On Monday, June 26, 2017, PBS POV aired the documentary “Dalya’s Other Country” (74 min), directed by Julia Meltzer (Journeyman Pictures).
In 2012, Dalya, as a teenage girl, came to Los Angeles from Aleppo with an older brother and mother Rudayna.
The family assimilates rather well, and the director afterward says that is one of the main points of the film, to show a family that makes it.
Dalya struggles to get into college. Her older brother adapts as a technology person, speaking perfect English and assimilating as a westernized young man while practicing prayers and diet a home. Rydayna resents her husband’s polygamy. Her husband comes to visit and live in LA for a while, before going back to Turkey. At one point, the husband gives an interesting account of the Muslim account of the afterlife (which happens at the end of time).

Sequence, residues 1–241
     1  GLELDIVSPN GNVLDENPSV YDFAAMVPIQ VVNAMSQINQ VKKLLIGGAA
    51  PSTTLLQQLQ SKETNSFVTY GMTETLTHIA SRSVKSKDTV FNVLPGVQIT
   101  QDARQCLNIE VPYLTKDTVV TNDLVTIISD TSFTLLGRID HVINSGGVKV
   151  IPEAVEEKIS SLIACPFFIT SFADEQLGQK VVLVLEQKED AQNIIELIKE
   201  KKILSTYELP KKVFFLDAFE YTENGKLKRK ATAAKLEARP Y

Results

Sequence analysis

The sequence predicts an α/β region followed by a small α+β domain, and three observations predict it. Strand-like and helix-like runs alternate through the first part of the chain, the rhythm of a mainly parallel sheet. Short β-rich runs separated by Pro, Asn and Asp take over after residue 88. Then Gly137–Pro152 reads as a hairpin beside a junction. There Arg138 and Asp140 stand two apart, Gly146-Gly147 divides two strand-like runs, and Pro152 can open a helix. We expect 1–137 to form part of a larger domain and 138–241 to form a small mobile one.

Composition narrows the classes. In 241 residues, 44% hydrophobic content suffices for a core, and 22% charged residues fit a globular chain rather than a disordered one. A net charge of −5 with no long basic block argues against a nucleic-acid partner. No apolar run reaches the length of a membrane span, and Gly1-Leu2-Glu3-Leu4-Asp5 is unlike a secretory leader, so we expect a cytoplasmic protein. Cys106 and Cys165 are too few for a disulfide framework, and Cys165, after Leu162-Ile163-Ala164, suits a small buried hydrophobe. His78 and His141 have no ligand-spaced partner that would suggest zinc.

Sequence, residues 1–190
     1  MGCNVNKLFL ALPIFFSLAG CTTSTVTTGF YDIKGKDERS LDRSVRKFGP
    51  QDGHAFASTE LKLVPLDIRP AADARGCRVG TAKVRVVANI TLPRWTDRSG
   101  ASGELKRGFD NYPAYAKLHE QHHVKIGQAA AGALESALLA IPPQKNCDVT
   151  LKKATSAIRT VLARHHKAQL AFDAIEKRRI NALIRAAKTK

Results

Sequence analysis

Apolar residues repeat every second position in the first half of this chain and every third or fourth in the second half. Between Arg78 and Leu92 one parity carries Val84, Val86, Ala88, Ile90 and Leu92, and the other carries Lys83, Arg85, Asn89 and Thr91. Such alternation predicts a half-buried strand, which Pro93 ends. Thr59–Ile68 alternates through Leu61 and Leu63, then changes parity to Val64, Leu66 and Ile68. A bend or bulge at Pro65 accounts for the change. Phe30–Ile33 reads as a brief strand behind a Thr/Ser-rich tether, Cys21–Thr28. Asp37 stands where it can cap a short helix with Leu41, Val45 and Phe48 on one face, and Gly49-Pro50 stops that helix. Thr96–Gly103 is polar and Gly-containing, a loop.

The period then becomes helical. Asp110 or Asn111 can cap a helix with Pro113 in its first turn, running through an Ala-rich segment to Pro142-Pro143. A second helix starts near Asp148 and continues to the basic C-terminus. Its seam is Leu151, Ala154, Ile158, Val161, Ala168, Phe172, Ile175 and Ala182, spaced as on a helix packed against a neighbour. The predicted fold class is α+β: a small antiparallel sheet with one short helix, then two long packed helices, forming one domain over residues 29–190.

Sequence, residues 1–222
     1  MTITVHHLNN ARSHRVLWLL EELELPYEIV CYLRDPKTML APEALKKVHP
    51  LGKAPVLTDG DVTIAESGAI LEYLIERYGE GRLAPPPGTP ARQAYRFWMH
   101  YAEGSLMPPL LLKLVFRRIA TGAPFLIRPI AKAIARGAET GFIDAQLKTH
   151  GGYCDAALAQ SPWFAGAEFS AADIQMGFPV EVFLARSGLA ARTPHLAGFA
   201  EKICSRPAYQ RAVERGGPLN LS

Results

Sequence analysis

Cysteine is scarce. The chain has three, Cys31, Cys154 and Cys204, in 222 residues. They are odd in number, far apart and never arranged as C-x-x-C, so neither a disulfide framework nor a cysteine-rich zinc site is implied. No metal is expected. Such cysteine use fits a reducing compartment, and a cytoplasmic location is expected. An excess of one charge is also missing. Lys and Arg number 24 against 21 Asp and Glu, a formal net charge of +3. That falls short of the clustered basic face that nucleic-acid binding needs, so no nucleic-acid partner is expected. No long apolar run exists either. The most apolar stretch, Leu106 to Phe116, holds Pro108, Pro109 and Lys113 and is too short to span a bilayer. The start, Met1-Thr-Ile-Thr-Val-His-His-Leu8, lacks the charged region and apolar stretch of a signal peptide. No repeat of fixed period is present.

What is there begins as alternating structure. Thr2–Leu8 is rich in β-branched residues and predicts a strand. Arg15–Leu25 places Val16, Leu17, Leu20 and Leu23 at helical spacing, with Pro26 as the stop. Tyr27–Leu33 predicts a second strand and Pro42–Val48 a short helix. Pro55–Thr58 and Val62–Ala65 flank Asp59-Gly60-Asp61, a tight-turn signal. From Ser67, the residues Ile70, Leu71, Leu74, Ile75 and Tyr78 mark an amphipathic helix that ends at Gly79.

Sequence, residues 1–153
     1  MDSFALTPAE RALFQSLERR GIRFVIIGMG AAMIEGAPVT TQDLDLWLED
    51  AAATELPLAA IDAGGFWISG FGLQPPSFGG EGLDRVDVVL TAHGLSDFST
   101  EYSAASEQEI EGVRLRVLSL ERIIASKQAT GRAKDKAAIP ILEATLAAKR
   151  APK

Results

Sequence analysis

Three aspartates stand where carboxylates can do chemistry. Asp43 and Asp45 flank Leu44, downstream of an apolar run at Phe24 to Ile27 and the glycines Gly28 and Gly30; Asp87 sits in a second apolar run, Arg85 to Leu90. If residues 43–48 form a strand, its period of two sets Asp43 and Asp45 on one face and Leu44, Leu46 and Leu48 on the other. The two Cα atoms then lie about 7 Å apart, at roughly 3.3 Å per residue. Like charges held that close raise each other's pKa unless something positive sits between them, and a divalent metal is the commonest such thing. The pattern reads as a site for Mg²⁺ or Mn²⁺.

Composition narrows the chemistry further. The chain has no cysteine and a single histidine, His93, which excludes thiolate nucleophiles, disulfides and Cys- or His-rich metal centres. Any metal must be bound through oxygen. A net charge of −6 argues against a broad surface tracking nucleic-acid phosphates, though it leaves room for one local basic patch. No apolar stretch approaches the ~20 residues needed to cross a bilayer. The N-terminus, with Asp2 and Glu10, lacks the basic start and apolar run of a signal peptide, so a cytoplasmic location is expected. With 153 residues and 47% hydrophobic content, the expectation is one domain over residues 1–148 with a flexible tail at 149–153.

There is discussion of the wearing of the hijab, and the increasing hostility being stirred up by Donald Trump’s populist campaign. Dayla turns 18 on Nov. 7, 2017 and votes on Nov. 8 (I guess having become a citizen).
The feature was followed by the short film “From Damascus to Chicago” (12 min), by Colleen Cassingham and Alex Lederman. A Syrian refugee family, with DHS supervision and a faith-based group assisting, accommodates to life in Chicago. The daughters learn ballet. But the father develops a lymphoma and has total-body radiation but goes into remission and seems to be doing well at the end.
|Name:||“Dayla’s Other Country“|
|Director, writer:||Julia Meltzer|
|When and how viewed:||PBS POV 2017/6/26|
|Companies:||PBS POV, Journeyman Pictures|
(Posted: Monday, June 26, 2017 at 11:15 PM EDT)